To assess image quality and accuracy of the prostate MRIs performed at our center to serve as an internal audit in the detection of clinically significant prostate cancer.
All male pelvic genitourinary MRIs performed at our center between 1st January 2021 and 31st December 2022 were retrospectively reviewed. Prostate MRIs were selected (Figure 1) and image quality was assessed according to PI-QUAL and the PI-RADS v2.1 category was reviewed. Patient records were revised to determine if a biopsy was performed and the histopathologic result was used as a gold standard for determining the diagnostic accuracy of imaging studies performed. A descriptive analysis of our findings is given.
Figure 1. Genitourinary MRIs performed between 1st January 2021 and 31st December 2022 - included and excluded cases.
Figure 2. Pie chart depicting the PI-QUAL distribution of prostate MRIs performed
Figure 3. Pie chart depicting the PI-RADS v2.1 distribution of prostate MRIs performed
A total of 198 male pelvic genitourinary MRIs were performed in the period between 1st January 2021 and 31st December 2022 (Figure 1), of which 187 evaluated the prostate (pre-treatment). Most of our studies (96%) were of sufficient diagnostic quality (PI-QUAL ≥3), with 81% being of optimal quality (PI-QUAL ≥4) (Figure 2). We do not have any PI-QUAL 5 studies because we are not able to comply on our equipment with the DWI requisite PI-RADS v2.1 of a high b value of minimum 1400. All our studies use a high b value of 1200. A negative MRI (PI-RADS 1 and 2) was found in 85 cases (45,5%), a positive MRI (PI-RADS 4 and 5) was diagnosed in 77 cases (41,2%) and an indeterminate MRI (PI-RADS 3) was identified in 25 cases (13,3%) (Figure 3). The distribution of image quality, according to PI-QUAL, for each type of MRI (negative, indeterminate, or positive) is given on Figure 4. A negative MRI (PI-RADS 1 and 2) was found in 85 cases (45,5%) (Figure 3) and biopsy was avoided in 74 patients (39,6% of the total number of MRIs performed). A positive MRI (PI-RADS 4 and 5) was diagnosed in 77 cases (41,2%) (Figure 3). Of these 67 had cancer (22 MRIs performed for staging after a positive biopsy and 45 were diagnosed at MRI). Three cases had a negative biopsy and a revision and re-biopsy was suggested - we present one of these cases which likely is associated with undersampling at biopsy due to the anterior location of the suspicious lesion (Figure 5). Nine cases did not perform biopsy (4 lost to follow up, 2 refused biopsy and 3 no reason given on clinical records). An indeterminate MRI (PI-RADS 3) was identified in 25 cases (13,3%) (Figure 3). Of these 11 underwent biopsy with 7 having chronic prostatitis while 4 had cancer. Regarding clinically significant cancers, considered as ISUP ≥2, these were identified in 57 cases (Figure 6), with the majority (93%) being identified on PI-RADS 4 and 5 cases. The 3 clinically significant cancers given a PI-RADS 2 on imaging were studies performed for staging after the histopathological diagnosis with no index lesion detected on imaging. Considering a positive MRI as PI-RADS 4 and 5 our accuracy was 88%, with a good sensitivity and specificity (89% and 81% respectively), while if considering a positive MRI as PI-RADS 3, 4 or 5 our accuracy was 84% with a rather low specificity (Figure 7). There are some limitations to this research, namely: (1) a single reader in all cases as there is only one dedicated genitourinary radiologists in the department; (2) not all PI-RADS 3, 4 and 5 lesions were biopsied for confirmation; and (3) the histopathological results are based on cognitive fusion biopsies at our center.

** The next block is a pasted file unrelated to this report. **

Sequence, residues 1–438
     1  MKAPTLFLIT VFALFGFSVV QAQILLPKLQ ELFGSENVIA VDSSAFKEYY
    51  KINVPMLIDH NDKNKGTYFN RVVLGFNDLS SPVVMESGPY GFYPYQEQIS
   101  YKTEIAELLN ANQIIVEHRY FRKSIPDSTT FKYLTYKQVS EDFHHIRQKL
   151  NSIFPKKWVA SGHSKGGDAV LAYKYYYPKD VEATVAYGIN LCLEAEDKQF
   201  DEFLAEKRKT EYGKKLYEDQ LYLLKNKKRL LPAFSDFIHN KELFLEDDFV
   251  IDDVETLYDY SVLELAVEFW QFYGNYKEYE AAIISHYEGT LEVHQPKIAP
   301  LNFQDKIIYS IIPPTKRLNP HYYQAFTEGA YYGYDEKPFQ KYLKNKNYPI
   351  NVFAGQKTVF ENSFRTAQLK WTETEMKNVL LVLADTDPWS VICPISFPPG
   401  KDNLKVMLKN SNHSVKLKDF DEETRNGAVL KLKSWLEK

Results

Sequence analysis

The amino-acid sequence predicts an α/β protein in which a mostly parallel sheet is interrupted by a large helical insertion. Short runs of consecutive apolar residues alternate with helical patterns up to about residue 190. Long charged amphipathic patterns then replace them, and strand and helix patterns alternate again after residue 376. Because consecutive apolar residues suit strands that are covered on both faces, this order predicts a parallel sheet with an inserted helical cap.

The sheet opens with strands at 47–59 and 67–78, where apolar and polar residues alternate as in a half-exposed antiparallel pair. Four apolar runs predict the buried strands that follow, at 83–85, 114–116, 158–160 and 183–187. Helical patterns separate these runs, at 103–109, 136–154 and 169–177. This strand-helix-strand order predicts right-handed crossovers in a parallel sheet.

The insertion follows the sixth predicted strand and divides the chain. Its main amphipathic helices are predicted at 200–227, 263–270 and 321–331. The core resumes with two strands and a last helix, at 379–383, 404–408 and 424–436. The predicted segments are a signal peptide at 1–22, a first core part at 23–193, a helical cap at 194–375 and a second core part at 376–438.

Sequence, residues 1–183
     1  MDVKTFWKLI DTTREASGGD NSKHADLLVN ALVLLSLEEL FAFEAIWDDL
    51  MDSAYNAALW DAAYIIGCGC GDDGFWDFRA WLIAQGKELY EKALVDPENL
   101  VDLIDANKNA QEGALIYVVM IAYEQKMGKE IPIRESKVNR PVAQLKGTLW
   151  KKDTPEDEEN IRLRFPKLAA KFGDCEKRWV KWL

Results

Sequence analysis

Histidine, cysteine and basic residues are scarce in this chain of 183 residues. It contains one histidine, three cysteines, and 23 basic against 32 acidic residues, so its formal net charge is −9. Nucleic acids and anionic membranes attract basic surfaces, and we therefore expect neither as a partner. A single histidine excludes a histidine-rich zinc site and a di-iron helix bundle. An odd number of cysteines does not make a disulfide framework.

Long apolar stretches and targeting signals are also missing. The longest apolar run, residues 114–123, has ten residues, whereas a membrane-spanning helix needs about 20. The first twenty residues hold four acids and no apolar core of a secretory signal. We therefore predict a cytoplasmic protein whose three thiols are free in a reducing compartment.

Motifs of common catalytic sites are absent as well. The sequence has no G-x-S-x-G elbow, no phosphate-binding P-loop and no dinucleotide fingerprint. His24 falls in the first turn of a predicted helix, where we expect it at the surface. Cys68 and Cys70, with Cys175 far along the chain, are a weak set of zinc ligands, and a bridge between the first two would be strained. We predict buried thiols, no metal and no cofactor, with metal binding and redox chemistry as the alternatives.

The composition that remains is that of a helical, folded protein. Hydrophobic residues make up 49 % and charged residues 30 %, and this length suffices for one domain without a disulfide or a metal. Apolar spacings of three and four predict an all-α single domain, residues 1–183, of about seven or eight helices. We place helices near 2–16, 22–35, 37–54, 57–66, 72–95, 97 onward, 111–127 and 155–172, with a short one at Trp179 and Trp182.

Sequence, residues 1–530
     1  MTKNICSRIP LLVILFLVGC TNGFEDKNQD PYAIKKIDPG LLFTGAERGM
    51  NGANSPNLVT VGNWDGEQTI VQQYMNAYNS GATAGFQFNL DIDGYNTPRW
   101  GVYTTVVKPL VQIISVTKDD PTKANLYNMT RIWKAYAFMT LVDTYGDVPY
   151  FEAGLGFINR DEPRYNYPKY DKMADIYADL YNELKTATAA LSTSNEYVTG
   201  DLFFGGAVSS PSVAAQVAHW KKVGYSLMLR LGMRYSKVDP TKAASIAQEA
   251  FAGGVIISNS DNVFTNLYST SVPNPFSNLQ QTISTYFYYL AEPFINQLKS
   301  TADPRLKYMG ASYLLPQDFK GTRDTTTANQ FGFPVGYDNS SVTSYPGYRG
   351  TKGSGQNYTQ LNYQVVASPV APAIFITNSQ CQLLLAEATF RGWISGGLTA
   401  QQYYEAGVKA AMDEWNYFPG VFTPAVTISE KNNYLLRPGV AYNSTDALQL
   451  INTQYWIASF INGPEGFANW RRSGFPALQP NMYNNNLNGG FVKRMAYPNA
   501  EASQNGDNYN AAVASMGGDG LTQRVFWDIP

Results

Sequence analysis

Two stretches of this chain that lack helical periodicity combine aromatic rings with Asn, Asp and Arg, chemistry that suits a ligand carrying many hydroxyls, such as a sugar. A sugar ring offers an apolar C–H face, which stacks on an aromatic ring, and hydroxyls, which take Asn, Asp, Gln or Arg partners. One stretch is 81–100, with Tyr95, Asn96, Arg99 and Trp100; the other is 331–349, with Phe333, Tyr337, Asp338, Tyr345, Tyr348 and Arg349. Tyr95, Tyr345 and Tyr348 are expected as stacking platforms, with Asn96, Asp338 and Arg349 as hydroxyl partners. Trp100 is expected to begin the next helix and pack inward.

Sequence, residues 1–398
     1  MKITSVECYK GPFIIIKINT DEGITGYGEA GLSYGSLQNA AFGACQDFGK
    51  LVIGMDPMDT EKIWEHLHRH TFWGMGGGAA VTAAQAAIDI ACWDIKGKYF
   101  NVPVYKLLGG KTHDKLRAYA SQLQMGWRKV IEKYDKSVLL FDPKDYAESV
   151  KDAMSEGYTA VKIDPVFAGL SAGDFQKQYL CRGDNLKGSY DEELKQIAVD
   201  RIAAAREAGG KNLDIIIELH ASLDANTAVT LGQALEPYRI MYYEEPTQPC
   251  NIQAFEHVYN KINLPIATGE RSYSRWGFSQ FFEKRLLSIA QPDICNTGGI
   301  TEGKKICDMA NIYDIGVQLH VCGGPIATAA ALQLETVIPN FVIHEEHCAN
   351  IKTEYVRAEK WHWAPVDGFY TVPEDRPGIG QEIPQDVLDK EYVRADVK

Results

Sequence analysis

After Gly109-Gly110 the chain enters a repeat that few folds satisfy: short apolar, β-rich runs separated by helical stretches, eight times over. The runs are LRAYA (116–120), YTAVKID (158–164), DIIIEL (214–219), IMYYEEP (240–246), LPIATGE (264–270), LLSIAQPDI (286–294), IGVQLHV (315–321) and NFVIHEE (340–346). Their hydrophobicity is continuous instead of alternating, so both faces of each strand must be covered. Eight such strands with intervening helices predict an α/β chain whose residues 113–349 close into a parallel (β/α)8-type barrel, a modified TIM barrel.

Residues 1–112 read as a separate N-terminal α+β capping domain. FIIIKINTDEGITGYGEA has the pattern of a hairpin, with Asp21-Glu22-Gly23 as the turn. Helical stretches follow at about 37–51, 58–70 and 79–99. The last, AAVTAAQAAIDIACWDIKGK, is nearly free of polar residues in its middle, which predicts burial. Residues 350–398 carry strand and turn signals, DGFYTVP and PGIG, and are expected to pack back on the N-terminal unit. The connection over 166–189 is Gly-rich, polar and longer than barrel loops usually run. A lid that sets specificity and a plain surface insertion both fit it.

Figure 4. Pie charts depicting the distribution of PI-QUAL according to PI-RADS category
Figure 5. PI-RADS 5 lesion in the anterior fibromuscular stroma, on a PI-QUAL 4 study, that had a negative biopsy, likely due to undersampling. Images shown correspond to T2W sagittal, T2W axial, DWI and ADC map with blue arrows pointing the suspicious lesion.
Figure 6. Chart depicting clinically significant cancer distribution according to PI-RADS category.
Our findings are in accordance with those reported from expert centers with a low percentage of PI-RADS 3 cases and a good accuracy to diagnose prostate cancer.
Figure 7. Tables presenting the information of sensitivity, specificity, positive predictive value, negative predictive value and accuracy when considering a positive MRI test as PI-RADS (3, 4 or 5) or as PI-RADS (4 or 5)